electromagnets A magnet formed from electric current. An electromagnet is typically formed by wrapping a current-carrying coil around an iron core.
electrons A negatively charged particle that orbits the nucleus of an atom. Electrons are involved in chemical bonding and electrical conductivity.
face-centered cubic FCC. The crystal structure that contains one atom in the center of the six sides of a cube and one atom in each corner of the cube. FCC metals are often ductile.
FCC Face-centered cubic. The crystal structure that contains one atom in the center of the six sides of a cube and one atom in each corner of the cube. FCC metals are often ductile.
ferrous metals A metal in which iron is the main ingredient. The main groups of ferrous metals are cast iron and steel.
grains An arrangement of atoms that creates a uniform, repeating structure. Grains are individual crystals in a metal.
graphite A soft, black form of carbon. Excess carbon appears as flakes or spheres in cast irons and helps to dampen vibrations and improve machinability.
hardenability The ability of a metal to be hardened by heat treatments or other processes. Steels have varying degrees of hardenability, depending on their alloying elements.
hardness The measure of a material's ability to resist penetration, indentation, and scratching. In some metals, the level of hardness can be controlled through heat treating.
HCP Hexagonal close-packed. The crystal structure that contains a collection of atoms that are closely packed into the shape of a hexagon. HCP metals are often brittle.
heat treating The controlled heating and cooling process used to change the structure of a material and alter its physical and mechanical properties. Annealing, quenching, and tempering are heat treatments.
hexagonal close-packed HCP. The crystal structure that contains a collection of atoms that are closely packed into the shape of a hexagon. HCP metals are often brittle.
high-performance alloy An expensive, complex metal alloy designed to perform under intense conditions, such as elevated temperatures. High-performance alloys are also known as superalloys.
I-beams A structural support with a cross section resembling an 'I.' I-beams are usually made of steel.
lead A nonferrous metal that is very soft, ductile, and heavy. Lead is a poor electrical conductor and is often used as a soldering alloy and sound dampener.
magnetism The power of attraction and repulsion that exists in materials. Magnetism most often occurs between metals.
mechanical properties A characteristic that describes how a material reacts when subjected to a force that attempts to stretch, compress, bend, dent, scratch, or break it. Ductility, hardness, and impact resistance are mechanical properties.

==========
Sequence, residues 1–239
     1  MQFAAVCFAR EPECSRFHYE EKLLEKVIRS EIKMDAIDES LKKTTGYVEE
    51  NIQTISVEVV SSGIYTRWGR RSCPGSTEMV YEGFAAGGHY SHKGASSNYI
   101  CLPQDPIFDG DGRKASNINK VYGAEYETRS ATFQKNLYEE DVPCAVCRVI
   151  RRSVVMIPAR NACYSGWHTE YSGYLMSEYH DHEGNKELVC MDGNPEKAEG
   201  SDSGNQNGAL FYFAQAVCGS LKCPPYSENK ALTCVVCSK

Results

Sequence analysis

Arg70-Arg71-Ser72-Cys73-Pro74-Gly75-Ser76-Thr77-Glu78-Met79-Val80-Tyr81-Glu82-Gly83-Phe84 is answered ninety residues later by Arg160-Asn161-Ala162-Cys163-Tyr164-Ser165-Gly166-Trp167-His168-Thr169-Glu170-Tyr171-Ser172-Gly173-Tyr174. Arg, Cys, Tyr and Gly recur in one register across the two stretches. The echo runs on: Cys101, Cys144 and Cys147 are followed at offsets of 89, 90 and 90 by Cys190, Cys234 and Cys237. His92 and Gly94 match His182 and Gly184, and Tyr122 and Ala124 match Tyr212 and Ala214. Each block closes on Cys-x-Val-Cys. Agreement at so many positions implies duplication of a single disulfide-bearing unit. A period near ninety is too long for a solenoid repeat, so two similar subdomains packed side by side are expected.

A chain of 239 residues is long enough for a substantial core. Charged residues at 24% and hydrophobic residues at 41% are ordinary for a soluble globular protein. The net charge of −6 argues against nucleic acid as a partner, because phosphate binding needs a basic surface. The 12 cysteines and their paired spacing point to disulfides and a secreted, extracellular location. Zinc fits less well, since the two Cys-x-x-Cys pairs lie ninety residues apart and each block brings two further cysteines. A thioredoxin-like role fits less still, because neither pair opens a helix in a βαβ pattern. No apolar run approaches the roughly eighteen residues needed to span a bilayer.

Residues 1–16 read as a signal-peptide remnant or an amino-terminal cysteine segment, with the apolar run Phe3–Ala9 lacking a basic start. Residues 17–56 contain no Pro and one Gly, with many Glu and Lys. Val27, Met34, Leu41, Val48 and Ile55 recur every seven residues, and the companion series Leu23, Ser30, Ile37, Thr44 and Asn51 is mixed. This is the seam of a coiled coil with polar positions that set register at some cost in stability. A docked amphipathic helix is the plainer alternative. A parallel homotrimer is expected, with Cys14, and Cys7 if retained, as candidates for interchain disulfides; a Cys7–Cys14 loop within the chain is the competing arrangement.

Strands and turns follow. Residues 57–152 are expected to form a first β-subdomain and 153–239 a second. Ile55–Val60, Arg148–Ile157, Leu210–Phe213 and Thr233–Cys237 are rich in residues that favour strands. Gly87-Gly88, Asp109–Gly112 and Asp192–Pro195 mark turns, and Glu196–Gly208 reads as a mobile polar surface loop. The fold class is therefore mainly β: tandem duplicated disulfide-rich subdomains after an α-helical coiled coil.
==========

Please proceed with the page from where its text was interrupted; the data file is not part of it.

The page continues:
metal A naturally occurring material with high electric and thermal conductivity, luster, density, and strength. Examples of metal include copper, iron, nickel, and lead.
nonferrous metals A metal that does not contain iron as the main ingredient. Aluminum, copper, and zinc are nonferrous metals.
physical properties A characteristic that describes a material's volumetric, thermal, electrical, and magnetic qualities. Physical properties describe how a material responds to forces other than mechanical forces.
plastic A polymer material characterized by its light weight, high corrosion resistance, a high strength-to-weight ratio, and low melting point. Most plastics are easily shaped and formed.
pure metals A metal that does not intentionally contain any other material. Pure metals are usually used as alloying elements in commercial applications.
quenching The soaking of a metal at a high temperature above the recrystallization phase, followed by rapid cooling. Water, saltwater, air, and oil are common quenching mediums.
recrystallization temperature The temperature at which new grains are formed in a metal. Every metal has a specific recrystallization temperature.
shear strength The ability of a material to resist forces that attempt to cause the internal structure to slide against itself and separate. Shear strength is the amount of shear force a material can withstand before fracturing.
soldering alloy A metal alloy that melts at relatively low temperatures and is used to join metal parts. Tin is commonly used as a soldering alloy.
steel A ferrous metal consisting of iron and carbon, usually with small amounts of manganese, phosphorus, sulfur, and silicon. Steel is a popular, inexpensive commercial metal.
steels A ferrous metal consisting of iron and carbon, usually with small amounts of manganese, phosphorus, sulfur, and silicon. Steels are popular, inexpensive commercial metals.
strength The ability of a material to resist forces that attempt to break or deform it. A material exhibits tensile, compression, or shear strength, depending on the deforming force.
superalloy An expensive, complex metal alloy designed to perform under intense conditions, such as elevated temperatures. Superalloys are also known as high performance alloys.
tempering The heat treatment of metals to temperatures below the recrystallization phase, followed by gradual cooling. Tempering can increase a material's hardness.
tensile strength The ability of a material to resist forces that attempt to pull apart or stretch it. Tensile strength is the amount of tensile stress a material can withstand before fracturing.
thermal conductivity A physical property that indicates how well heat energy transfers through a material. Materials with low thermal conductivity make good heat insulators.
tin A nonferrous metal that is very soft. Tin is often used as a plating metal and soldering alloy.
titanium A nonferrous metal that is lightweight, corrosion resistant, and has a high strength-to-weight ratio. Titanium is often used in the aerospace industry.